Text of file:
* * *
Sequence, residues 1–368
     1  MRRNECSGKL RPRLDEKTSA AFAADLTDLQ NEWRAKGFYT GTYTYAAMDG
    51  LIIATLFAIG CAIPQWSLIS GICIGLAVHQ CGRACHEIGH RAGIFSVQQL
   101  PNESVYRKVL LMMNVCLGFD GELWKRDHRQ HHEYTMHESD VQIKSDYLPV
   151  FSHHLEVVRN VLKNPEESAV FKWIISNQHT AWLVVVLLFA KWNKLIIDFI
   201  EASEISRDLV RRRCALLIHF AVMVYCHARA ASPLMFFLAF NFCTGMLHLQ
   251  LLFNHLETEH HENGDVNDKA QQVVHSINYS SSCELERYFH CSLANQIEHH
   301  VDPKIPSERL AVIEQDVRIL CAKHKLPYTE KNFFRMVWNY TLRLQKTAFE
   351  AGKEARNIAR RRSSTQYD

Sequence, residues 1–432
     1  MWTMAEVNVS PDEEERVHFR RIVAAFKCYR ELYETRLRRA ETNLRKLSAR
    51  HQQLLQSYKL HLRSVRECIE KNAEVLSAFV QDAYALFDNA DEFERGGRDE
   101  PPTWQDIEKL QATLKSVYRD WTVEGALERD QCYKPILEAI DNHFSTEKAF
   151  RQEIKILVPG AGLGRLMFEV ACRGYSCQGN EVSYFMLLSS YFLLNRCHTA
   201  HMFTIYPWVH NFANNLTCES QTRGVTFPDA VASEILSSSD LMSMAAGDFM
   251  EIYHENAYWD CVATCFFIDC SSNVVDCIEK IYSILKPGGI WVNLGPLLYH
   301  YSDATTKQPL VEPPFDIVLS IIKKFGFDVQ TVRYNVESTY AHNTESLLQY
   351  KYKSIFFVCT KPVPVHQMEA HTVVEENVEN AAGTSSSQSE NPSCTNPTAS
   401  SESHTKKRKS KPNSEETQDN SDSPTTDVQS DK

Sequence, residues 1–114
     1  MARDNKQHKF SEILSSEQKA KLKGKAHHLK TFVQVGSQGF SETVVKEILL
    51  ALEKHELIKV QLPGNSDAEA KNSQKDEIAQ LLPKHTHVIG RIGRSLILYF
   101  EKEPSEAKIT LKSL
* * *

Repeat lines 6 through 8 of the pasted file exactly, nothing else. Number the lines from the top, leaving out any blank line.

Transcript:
   201  EASEISRDLV RRRCALLIHF AVMVYCHARA ASPLMFFLAF NFCTGMLHLQ
   251  LLFNHLETEH HENGDVNDKA QQVVHSINYS SSCELERYFH CSLANQIEHH
   301  VDPKIPSERL AVIEQDVRIL CAKHKLPYTE KNFFRMVWNY TLRLQKTAFE